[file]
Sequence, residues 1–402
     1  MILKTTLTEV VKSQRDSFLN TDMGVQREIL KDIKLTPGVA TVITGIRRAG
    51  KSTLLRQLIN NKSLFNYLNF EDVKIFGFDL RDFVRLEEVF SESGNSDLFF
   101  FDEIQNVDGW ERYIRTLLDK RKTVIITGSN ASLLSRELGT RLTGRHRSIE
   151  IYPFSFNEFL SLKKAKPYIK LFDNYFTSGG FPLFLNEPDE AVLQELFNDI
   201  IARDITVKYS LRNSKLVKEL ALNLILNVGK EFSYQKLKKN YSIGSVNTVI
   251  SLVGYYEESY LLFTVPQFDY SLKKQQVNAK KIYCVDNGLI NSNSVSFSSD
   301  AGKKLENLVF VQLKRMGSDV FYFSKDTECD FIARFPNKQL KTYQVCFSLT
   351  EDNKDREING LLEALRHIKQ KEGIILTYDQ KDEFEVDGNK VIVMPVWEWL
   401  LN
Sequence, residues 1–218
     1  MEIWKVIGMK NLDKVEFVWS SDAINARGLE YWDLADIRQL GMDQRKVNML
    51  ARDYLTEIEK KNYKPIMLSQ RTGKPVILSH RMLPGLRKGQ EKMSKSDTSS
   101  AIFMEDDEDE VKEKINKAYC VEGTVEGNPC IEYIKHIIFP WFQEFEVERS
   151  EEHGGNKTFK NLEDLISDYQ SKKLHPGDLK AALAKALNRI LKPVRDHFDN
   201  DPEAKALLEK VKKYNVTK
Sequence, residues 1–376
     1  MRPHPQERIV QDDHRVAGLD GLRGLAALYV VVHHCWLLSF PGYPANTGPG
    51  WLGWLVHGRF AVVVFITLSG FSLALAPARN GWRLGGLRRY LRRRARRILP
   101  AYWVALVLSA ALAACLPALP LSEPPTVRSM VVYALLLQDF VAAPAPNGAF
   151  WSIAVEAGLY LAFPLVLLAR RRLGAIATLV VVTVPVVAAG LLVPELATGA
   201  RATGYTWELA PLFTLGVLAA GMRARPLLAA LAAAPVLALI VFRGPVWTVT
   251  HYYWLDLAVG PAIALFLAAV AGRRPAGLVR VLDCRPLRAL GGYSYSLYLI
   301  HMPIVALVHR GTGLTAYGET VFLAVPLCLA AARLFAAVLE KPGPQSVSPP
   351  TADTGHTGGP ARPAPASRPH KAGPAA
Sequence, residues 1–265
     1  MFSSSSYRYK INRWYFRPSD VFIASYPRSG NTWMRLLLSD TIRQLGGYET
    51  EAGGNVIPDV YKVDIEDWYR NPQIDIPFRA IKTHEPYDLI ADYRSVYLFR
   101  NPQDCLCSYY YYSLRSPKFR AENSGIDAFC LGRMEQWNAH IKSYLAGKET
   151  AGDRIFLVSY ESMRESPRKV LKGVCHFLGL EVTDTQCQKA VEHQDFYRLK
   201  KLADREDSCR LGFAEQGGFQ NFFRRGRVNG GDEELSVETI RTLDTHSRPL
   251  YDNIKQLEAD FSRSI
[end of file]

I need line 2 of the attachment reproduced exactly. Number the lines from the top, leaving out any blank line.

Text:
     1  MILKTTLTEV VKSQRDSFLN TDMGVQREIL KDIKLTPGVA TVITGIRRAG